I work, I go to school, I make time to see my family and to exercise–these are my priorities, and sometimes it means something has to give. Usually that means that I don’t have time to grocery shop as often as I’d like to.
Sure, I stock up at the beginning of the week, because that’s the nice and efficient way to make sure you’ve got food for the week. But it means that I eat more processed and packaged and frozen foods than I really want to be eating. More importantly, I don’t eat as many fresh vegetables as I’d like. I’ve tried to buy enough arugula to last me for a week, but in between my schedule changes and the dinners I didn’t have time to cook and the basic shelf life of arugula, you don’t want to hear about the mess in my crisper drawer, come Friday.
So you know I get a little tired of the “will this last long enough for me to eat” game. Plus the amount of food that can go to waste sometimes is frustrating. It can be a small but real and steady drain on my budget. Which is why I got so excited when I ran across this tidbit on CHOW, a site dedicated to the glorious things that good food can bring to your life.
It is, simply, a short video on how to grow your own salad in a box. You can grow just a handful of greens in a small garden container, and have enough to harvest for a dinner salad or sautéed greens every night. They grow back quickly—just keep watering regularly and you’ll have new leaves sprouting in no time. Plus you can choose a variety of flavors and colors to add variety and spice to your diet.
I had always thought of gardening as something difficult, time-consuming, taking a lot of talent and effort and know-how, but this video inspired me to take a quick poke around the web to see exactly what it would take to become a salad gardener. The answer is that just about anyone can do it, with a minimum of time and money invested. Here are just some of the pages I found with great advice and tips to get started.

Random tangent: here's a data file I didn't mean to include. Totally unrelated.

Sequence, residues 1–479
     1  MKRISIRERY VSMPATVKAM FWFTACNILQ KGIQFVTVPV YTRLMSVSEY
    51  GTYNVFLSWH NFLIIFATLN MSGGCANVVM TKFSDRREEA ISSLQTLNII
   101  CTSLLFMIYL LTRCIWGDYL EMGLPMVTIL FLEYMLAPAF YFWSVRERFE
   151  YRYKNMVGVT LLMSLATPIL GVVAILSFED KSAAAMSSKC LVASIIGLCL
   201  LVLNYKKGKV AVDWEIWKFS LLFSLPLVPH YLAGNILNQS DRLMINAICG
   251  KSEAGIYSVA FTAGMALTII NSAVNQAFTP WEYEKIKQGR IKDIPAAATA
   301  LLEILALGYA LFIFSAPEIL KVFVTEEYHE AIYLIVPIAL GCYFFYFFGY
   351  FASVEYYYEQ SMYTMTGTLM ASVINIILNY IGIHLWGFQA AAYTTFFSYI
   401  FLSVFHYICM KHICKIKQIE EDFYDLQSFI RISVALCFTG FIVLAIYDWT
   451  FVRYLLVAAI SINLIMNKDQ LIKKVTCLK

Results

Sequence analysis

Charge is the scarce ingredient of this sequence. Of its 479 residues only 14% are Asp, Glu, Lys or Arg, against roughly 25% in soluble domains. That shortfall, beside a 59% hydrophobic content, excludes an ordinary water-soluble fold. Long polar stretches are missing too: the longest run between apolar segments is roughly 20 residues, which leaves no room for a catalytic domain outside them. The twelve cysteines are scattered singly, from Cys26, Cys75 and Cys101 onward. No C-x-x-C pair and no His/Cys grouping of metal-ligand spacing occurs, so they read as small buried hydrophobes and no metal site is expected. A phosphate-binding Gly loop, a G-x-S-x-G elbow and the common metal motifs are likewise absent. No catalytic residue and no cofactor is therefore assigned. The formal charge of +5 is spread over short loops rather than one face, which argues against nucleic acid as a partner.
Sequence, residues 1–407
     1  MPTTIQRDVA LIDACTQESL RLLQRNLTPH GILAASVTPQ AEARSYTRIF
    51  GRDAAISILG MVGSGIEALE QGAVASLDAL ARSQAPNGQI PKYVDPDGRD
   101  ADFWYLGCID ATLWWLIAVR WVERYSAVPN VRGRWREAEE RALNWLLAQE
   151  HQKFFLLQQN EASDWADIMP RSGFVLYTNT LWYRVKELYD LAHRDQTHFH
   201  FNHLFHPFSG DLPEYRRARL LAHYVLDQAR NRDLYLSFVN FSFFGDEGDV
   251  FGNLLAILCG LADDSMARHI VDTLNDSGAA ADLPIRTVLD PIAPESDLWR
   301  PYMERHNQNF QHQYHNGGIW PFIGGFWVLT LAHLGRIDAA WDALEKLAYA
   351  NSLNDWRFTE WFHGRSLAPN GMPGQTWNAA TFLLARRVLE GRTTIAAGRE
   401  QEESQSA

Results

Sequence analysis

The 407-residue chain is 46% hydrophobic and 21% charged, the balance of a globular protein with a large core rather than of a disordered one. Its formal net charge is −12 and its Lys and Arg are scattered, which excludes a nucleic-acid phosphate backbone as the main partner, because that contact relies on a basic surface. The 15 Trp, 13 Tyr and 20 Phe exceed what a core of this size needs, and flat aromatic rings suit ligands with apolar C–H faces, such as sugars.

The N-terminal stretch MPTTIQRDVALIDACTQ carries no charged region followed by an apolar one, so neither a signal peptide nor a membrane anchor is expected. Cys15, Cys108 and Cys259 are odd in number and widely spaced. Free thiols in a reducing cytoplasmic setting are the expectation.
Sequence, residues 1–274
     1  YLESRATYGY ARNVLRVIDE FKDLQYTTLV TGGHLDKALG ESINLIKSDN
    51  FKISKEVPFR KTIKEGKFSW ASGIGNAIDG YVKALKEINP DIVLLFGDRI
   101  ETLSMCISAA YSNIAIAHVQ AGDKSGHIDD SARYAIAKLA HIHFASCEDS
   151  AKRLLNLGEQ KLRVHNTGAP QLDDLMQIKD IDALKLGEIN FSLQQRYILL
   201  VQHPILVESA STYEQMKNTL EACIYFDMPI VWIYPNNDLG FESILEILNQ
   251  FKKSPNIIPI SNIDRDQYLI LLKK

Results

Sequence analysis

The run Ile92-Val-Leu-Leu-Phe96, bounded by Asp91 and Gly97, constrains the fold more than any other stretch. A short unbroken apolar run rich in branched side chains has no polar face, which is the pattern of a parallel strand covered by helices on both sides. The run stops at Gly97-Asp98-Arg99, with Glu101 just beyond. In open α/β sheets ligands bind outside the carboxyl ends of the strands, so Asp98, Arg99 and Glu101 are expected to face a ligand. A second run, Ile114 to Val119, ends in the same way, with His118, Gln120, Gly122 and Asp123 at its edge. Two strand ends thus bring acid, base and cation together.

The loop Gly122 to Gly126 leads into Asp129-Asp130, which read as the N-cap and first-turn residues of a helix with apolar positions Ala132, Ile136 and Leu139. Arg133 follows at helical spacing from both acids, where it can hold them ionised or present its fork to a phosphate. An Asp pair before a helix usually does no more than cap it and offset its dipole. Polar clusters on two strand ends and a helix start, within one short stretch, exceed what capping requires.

- On Real Simple, a look at how easy it is to create a collection of greens in a variety of containers, inside or out.
- From Eating Well, some good tips on growing, harvesting and maintaining your crop.
- From the agricultural department of the University of Maryland, detailed instructions on creating a container for growing your greens, choosing the types of vegetables you want to grow, and caring for them, and more.
Leafy greens tend to thrive in cooler weather, so now is the time to start your garden, either inside or out. It’s a fast, easy, lovely way to take care of yourself and your family, save money, and eat just about as fresh and healthy as it’s possible to get.
Sara Nelson is the Social Media Guru for Stevens-Henager College, overseeing the college’s profiles on social media sites like Facebook, Twitter, and more. She is also a student in the Master in Business Administration (MBA) program, and she enjoys spending time with her family, listening to good music, and eating freshly baked chocolate chip cookies.